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Offline Greg_King

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Re: Crown Prince Rudolph--controversies, affairs & his death, Part II
« Reply #278 on: February 09, 2018, 10:01:02 PM »
We think (although everything is of course speculative) that the evidence indicates she went to the lodge with no idea that she was going to die.  At the lodge on the night of January 29 when she learned everything had fallen apart and Rudolf wanted to send her away, she decided she would die with him.  And of course we then think that he tried to get her to leave and that her death wasn't something he wanted but which happened on the spur of the moment.  She was prepared to die, but Rudolf wasn't prepared to have her die with him, or even have her remain with him at the lodge.

Offline nena

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Re: Crown Prince Rudolph--controversies, affairs & his death, Part II
« Reply #279 on: February 19, 2018, 01:36:23 AM »
I see. Thanks. 

But one thing is pretty weird - given the fact Rudolf killed Mary and got up something after six to order a breakfast, how come that Losheck didn't see him (Prince) being blood-shattered? I mean, them two talked. Maybe he washed himself in toilet? Or simply Loscheck didn't tell the whole story, that's.
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Offline Kalafrana

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Re: Crown Prince Rudolph--controversies, affairs & his death, Part II
« Reply #280 on: February 19, 2018, 04:07:39 AM »
The book does strongly suggest that Loscheck did not tell the whole truth.

Loscheck claimed to have heard two shoots some time after he met Rudolf shortly after six, but rigor mortis showed that Mary had already been dead for several hours before the bodies were found. So the first shot was fired some time during the night. How was it that Loscheck did not hear it (a revolver shot in the same building is quite enough to wake someone up), or, if he heard it, did not get up to investigate?

Ann

Offline nena

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Re: Crown Prince Rudolph--controversies, affairs & his death, Part II
« Reply #281 on: February 19, 2018, 04:17:06 AM »
From what I have understood, he indeed heard it - the first shot killing Mary! But Rudolf might have persuaded him that he accidentally fired the revolver, calming Loscheck that everything is fine. 
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Offline Greg_King

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Re: Crown Prince Rudolph--controversies, affairs & his death, Part II
« Reply #282 on: February 19, 2018, 08:05:27 PM »
Not to get too graphic but with Rudolf, per a forensics specialist, leaning over at the left edge of the book, extending his arm out to point the gun at an upright Mary on the right side, he was far enough back that the blow back of blood or brain tissue that might have speckled him was minimal - perhaps some on the cuff of his jacket but the velocity of the shot was so rapid that it would have Mary hurling back against the headboard and then most of the damage came when the bullet exited the head on the right side of her head (the side away from Rudolf)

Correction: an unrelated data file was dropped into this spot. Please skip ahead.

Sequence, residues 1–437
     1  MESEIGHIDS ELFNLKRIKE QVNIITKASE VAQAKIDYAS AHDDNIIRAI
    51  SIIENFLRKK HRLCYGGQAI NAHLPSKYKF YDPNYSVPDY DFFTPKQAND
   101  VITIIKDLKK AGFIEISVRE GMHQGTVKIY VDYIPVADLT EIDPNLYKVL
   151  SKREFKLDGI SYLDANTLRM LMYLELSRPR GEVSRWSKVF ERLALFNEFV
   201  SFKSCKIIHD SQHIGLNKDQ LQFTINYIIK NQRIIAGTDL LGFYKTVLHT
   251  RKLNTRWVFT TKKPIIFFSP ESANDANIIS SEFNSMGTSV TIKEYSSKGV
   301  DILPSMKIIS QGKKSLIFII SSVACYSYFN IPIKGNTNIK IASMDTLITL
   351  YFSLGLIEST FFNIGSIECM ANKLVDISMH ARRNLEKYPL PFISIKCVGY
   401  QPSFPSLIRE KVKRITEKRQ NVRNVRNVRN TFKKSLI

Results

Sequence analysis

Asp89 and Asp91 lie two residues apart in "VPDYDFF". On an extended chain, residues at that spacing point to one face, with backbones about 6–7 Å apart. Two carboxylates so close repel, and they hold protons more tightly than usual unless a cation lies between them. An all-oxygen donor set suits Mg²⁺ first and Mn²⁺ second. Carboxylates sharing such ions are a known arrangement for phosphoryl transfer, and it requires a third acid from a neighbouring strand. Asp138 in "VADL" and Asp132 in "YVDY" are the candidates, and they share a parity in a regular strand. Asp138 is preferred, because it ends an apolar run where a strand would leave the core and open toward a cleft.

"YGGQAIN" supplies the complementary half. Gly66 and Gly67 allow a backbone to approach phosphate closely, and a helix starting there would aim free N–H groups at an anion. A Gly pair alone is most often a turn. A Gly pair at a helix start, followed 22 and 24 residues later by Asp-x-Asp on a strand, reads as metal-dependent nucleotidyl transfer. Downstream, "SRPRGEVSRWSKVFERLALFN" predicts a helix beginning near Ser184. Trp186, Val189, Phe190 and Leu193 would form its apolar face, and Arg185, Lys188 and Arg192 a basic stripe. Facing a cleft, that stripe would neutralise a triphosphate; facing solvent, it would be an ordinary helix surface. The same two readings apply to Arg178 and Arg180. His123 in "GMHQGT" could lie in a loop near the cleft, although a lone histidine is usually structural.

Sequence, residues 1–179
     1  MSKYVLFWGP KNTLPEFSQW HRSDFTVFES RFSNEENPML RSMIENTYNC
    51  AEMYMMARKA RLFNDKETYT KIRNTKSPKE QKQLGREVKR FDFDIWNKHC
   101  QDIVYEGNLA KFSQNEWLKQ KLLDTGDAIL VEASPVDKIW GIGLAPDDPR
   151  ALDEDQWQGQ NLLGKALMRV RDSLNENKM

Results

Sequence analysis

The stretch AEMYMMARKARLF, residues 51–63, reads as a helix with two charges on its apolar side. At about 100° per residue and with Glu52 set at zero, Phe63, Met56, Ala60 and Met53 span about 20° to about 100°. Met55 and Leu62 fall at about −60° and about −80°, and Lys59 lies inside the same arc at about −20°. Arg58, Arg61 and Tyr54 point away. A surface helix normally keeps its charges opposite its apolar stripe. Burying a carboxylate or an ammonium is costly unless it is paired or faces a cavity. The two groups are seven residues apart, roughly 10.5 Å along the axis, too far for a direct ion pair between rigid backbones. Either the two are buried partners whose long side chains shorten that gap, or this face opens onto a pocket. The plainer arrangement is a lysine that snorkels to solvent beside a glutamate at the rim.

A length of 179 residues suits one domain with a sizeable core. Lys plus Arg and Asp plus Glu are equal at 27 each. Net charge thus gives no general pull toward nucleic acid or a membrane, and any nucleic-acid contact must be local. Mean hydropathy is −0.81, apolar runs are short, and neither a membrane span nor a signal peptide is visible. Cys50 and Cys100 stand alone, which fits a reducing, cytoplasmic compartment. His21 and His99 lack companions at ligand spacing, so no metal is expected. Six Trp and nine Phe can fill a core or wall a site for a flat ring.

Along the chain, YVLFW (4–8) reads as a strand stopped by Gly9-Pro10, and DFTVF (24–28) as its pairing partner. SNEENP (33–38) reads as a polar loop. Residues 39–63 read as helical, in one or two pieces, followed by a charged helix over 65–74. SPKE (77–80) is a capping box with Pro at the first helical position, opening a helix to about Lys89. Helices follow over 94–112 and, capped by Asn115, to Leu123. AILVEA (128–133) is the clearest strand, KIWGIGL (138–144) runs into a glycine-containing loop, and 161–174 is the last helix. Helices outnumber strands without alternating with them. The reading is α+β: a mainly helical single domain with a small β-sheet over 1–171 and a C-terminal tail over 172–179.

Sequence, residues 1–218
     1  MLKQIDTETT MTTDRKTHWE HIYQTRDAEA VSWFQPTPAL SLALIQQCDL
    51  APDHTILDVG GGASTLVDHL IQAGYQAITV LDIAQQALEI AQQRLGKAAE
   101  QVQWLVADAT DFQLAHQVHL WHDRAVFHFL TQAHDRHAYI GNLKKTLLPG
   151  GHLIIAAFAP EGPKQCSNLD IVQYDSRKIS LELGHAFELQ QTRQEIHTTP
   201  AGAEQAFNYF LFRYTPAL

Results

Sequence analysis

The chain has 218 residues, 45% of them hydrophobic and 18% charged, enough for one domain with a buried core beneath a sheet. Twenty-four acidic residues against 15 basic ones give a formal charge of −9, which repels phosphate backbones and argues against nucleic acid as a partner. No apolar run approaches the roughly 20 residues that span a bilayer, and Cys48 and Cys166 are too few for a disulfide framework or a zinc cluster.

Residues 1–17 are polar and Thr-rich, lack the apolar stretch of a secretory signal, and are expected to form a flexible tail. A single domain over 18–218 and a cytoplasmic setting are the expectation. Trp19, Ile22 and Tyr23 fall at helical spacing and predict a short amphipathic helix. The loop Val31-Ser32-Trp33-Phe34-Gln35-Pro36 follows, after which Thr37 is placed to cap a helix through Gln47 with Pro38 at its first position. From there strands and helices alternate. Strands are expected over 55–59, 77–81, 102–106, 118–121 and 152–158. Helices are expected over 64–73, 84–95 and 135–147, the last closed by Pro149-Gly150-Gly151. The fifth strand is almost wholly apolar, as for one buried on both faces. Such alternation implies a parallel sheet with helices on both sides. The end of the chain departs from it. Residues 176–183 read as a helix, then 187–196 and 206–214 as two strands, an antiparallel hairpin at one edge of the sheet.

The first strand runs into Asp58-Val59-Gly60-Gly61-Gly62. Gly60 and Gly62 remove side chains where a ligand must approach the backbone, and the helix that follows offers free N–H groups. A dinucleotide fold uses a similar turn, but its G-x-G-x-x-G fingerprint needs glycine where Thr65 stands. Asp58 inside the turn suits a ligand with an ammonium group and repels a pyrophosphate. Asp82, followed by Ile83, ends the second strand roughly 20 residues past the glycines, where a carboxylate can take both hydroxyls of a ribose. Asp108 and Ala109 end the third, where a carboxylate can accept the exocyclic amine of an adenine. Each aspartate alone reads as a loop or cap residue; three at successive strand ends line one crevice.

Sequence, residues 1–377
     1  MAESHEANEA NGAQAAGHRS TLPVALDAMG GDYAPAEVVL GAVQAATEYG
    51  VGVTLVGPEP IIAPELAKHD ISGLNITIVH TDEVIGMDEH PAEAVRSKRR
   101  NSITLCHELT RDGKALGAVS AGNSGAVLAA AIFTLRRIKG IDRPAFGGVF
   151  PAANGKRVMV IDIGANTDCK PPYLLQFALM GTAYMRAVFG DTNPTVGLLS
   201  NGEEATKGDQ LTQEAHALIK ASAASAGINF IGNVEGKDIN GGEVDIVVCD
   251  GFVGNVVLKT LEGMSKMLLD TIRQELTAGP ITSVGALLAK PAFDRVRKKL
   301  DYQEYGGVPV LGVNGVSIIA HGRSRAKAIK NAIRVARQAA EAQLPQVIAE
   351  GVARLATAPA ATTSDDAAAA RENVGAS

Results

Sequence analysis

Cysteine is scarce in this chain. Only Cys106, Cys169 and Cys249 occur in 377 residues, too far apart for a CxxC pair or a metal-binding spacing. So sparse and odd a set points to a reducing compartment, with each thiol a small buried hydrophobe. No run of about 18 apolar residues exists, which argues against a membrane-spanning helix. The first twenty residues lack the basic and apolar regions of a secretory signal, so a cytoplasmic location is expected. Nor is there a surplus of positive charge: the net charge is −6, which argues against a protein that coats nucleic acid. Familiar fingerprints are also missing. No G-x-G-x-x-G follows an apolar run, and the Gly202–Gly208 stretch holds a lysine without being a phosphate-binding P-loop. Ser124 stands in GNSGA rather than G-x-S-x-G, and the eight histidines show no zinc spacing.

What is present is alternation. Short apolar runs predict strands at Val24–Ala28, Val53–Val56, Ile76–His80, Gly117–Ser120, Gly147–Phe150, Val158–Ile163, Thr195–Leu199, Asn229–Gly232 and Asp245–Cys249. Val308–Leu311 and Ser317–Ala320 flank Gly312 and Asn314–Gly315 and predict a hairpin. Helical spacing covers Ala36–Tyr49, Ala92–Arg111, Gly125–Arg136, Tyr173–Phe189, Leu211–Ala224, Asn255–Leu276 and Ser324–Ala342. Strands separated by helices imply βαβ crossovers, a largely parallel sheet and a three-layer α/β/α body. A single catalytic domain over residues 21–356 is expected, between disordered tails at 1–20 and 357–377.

So not likely that he would have been covered in blood.  And yes, the Loscheck problem - one just never knows how much to believe of what he said, especially as he is so often contradicted by the facts!

Offline nena

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Re: Crown Prince Rudolph--controversies, affairs & his death, Part II
« Reply #283 on: February 20, 2018, 06:44:03 AM »
I see, thanks. How about Friedrich Wolf's account -- it is brief but it depicts that Rudolf's room was all in chaos, saying how Rudolf and Mary died while fighting/and someone third killed her. I know that's untrue but I am asking about his account on the tragedy. 
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Offline Greg_King

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Re: Crown Prince Rudolph--controversies, affairs & his death, Part II
« Reply #284 on: February 21, 2018, 09:44:10 PM »
Well, there are some serious problems with Wolfe.  First, he waited until 1942 to say anything, so many years after many involved people were arguing what had happened in the press.  Then in his statement he claimed that he had told this same story "many times" to others, yet we couldn't find any record of someone repeating it.  Third, he claimed that he was on his way to the lodge on the morning of January 30 to polish the floors IN ADVANCE of Rudolf's arrival, when in fact Rudolf had been there two days.  He also claimed that he "heard the truth of what happened from others," suggesting he was relying on a fair bit of gossip.  He said it was roughly two weeks after the deaths that he supposedly saw the bedroom.  Now Court Commissioner Heinrich Slatin had done an inventory and assessment of the room on January 30 and 31, and he recorded no bloodstains splattered around the room, no bullet holes, no smashed furniture, etc.  You could dismiss him as part of some conspiracy but just stop to think about how illogical Wolf's claim is: the court is desperate to cover up the truth of what happened, but they don't do anything to clean up evidence of violence in the room for two weeks, then ask Wolf -- certainly not a trusted courtier -- to come in and clean it all up.  Do we really think the Imperial Court would have left the room in such a condition for two weeks if they were engaged in a conspiracy other than hiding that Rudolf had killed Mary?  Or that they would let some provincial carpenter in to do the clean up?  It makes no sense.  Then, too, Wolf insists that Rudolf and Mary were killed at the same time, taken by surprise by assassins - so what of the suicide notes?  What of the differences in their times of death?  Unfortunately Mayerling is full of this sort of thing - it's going through the looking glass where many people claim things that just don't hold up!